The FDA is relaxing some time-based deferrals for donating blood; new guidance aims to streamline the COVID-19 vaccination process; Congress has been called on to solidify cannabidiol (CBD) regulations.
After years of pressure from blood banks, the American Medical Association, and LGBTQ rights organizations, the FDA plans on easing restrictions on gay and bisexual men from donating blood, according to The Washington Post. This new guidance will base blood donation eligibility on gender-inclusive, individual risk-assessment questions rather than time-based deferrals, with the effect that gay men are no longer banned from donating blood for extensive periods of time; in 1985, the ban was a lifetime one, and this was shortened to 1 year in 2015 before being reduced again to 3 months at the start of the COVID-19 pandemic.
Yesterday, a committee of FDA advisors voted unanimously for a simplified COVID-19 vaccination strategy, according to NPR. The new rule would treat COVID-19 vaccines as interchangeable, in that regardless of the manufacturer, all vaccines (first dose or booster) would have the same formulation and target the same viral strain or strains. An additional consideration proposed, but not voted on, would include an annual COVID-19 vaccination schedule, much like the flu vaccine.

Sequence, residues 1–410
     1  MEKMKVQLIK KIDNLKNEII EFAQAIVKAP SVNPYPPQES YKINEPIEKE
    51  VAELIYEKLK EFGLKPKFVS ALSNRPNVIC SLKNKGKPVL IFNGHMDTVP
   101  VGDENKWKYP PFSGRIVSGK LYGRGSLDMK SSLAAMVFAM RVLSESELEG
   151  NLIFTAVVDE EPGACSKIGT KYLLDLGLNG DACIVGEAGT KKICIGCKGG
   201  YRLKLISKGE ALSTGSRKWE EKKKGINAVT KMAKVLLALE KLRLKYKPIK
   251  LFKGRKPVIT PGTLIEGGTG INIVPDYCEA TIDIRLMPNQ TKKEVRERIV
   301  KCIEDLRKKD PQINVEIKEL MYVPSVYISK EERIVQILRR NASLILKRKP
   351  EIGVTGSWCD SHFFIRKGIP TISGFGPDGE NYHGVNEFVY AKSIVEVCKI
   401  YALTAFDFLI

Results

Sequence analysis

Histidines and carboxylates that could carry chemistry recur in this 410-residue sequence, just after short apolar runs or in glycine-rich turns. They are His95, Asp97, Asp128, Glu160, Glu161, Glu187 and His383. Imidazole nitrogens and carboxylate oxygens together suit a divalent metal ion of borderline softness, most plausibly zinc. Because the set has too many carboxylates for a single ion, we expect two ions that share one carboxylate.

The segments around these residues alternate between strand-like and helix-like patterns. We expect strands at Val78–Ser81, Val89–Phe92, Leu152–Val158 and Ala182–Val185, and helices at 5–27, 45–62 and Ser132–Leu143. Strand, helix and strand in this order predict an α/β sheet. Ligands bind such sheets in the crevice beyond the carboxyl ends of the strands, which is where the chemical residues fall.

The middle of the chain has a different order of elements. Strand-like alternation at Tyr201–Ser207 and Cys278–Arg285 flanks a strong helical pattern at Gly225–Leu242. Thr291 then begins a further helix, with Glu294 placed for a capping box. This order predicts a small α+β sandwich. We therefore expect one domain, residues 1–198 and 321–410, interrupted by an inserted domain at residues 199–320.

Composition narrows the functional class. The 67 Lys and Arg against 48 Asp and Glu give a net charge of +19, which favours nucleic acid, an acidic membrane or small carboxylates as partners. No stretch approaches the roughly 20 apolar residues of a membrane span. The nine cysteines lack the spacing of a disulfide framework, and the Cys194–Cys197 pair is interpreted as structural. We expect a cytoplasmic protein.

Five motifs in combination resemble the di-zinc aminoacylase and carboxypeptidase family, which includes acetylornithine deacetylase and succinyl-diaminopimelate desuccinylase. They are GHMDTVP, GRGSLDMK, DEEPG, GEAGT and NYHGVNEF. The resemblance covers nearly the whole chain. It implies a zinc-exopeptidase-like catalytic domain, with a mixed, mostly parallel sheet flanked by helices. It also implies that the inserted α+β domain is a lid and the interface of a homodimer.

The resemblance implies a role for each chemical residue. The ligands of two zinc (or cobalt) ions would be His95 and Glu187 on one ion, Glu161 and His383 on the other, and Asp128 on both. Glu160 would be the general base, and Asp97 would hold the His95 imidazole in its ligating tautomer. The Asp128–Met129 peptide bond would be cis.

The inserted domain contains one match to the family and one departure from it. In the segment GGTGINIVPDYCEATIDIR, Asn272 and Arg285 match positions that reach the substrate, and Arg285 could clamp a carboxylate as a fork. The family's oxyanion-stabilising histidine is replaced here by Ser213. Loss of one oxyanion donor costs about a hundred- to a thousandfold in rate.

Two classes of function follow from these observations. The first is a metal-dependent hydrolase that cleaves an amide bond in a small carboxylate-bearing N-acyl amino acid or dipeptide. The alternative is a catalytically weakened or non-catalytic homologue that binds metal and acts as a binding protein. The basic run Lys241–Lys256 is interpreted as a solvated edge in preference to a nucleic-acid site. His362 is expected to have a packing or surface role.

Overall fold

Yesterday, the FDA announced that it is calling on Congress to establish guidance on cannabidiol (CBD) products and other hemp products, such as delta-8 tetrahydrocannabinol, according to STAT. This decision came after nearly 4 years, as the FDA struggled to find a solution that would allow CBD to be legally sold in capsules, gummy form, and other foods, while also being considered a prescription drug. With the use of CBD products raising various health concerns, especially with long-term use, a new regulation on CBD may benefit consumers by providing risk management measures, such as clear labels, prevention of contaminants, CBD content limits, and a minimum purchase age.